Most provisions of the NRA apply only to carriers no longer transporting property. 49 U.S.C. Sec. 10701(f)(1). The statute provides a settlement option for shippers faced with undercharge claims. Shippers may choose to settle such claims at five to twenty percent of their value. Sec. 10701(f)(2)-(4). It also exempts small businesses, charities, and shippers of recyclable materials from undercharge suits. Sec. 10701(f)(9). Jones did not contest before the district court that the
appellee shippers are small businesses pursuant to that subsection, and on that basis summary judgments were granted.
On appeal Jones argues that Congress did not intend the NRA to apply to bankrupt carriers, that the Bankruptcy Code precludes nonbankruptcy statutes from affecting the value of property in the estate, and that application of the NRA to it would result in an unconstitutional taking. The United States intervened in these appeals to defend the constitutionality of the NRA and its applicability to Jones.
Although the NRA does not discuss bankrupt carriers, the legislative history has many references to them. Bankrupt carriers were causing a litigation crisis by bringing hundreds of thousands of undercharge claims. See, e.g., The Negotiated Rates Issue and Proposed Legislative Solutions Thereto: Hearing before the Subcomm. on Surface Transportation of the House Comm. on Public Works and Transportation, 103d Cong., 1st Sess. 1-10, 140 (1993); 139 Cong. Rec. H9596-9598 (November 15, 1993); id. at Sec. 16186-87 (November 18, 1993). Opponents of the NRA were concerned that employees of bankrupt carriers would not receive compensation owed them if carriers could not collect the undercharges. See, e.g., 139 Cong.Rec. H9597 (November 15, 1993) (comments of Congressman Lipinski).
Jones contends that Congress originally envisioned that the NRA would reach bankrupt carriers, but that a last minute amendment excluded them. Jones points to Sec. 9 of the NRA, 49 U.S.C. Sec. 10701 note, which was added by the House after S. 412 had already passed in the Senate. It reads:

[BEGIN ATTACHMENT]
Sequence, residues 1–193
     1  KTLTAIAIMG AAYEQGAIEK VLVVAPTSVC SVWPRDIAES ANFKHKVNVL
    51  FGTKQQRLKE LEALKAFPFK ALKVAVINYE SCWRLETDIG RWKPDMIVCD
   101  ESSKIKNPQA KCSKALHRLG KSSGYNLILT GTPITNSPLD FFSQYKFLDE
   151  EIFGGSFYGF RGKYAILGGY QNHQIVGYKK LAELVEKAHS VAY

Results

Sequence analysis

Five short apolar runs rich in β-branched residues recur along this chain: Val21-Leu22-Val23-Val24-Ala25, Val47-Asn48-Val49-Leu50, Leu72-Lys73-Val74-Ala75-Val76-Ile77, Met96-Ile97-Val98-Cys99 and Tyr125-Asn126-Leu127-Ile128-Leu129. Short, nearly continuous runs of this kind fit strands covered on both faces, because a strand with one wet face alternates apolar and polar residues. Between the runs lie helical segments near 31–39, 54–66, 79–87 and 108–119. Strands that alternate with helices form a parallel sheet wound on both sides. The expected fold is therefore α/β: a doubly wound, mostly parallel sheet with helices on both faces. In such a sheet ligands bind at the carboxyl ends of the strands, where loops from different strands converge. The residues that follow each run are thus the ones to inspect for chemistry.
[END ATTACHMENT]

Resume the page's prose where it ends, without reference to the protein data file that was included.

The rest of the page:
Nothing in this Act (including any amendment made by this Act) shall be construed as limiting or otherwise affecting application of title 11, United States Code, relating to bankruptcy; title 28, United States Code, relating to the jurisdiction of the courts of the United States (including bankruptcy courts); or the Employee Retirement Income Security Act of 1974.
Jones argues that the plain meaning of Sec. 9 is that the NRA is not intended to apply to bankrupt carriers. It contends that if the NRA is read as divesting bankrupt carriers of their undercharge claims, it is "limiting or otherwise affecting application of title 11."
The meaning of Sec. 9 is not so clear. "Limiting" and "affecting" are terms which are susceptible to both very narrow and very broad constructions. It is therefore appropriate to look to the legislative history to insure that our reading is consistent with congressional intent.
Jones argues that several letters written by members of Congress indicate that a political compromise led to a retreat from application of the NRA to bankrupt carriers. The Senate passed its version of the NRA on July 1, 1993. Shortly before the House was to consider H.R. 2121 in November, Congressman Jack Brooks, chair of the House Committee on the Judiciary, requested that the bill be referred to his committee before coming to a vote on the floor. He wrote to Congressman Norman Mineta, chair of the Committee on Public Works and Transportation, and the leading sponsor of H.R. 2121:
As you know under [House rules, the Committee on the Judiciary] has jurisdiction over "bankruptcy" and "Federal Courts." Based on this jurisdiction, we are concerned that H.R. 2121, as currently drafted, could be construed to limit or otherwise affect application of Title 28, United States Code, relating to the jurisdiction of the courts of the United States (including bankruptcy courts). On the basis of these concerns and others, our Committee has requested sequential referral of the bill.
However, it is my understanding that as a result of staff discussions on this...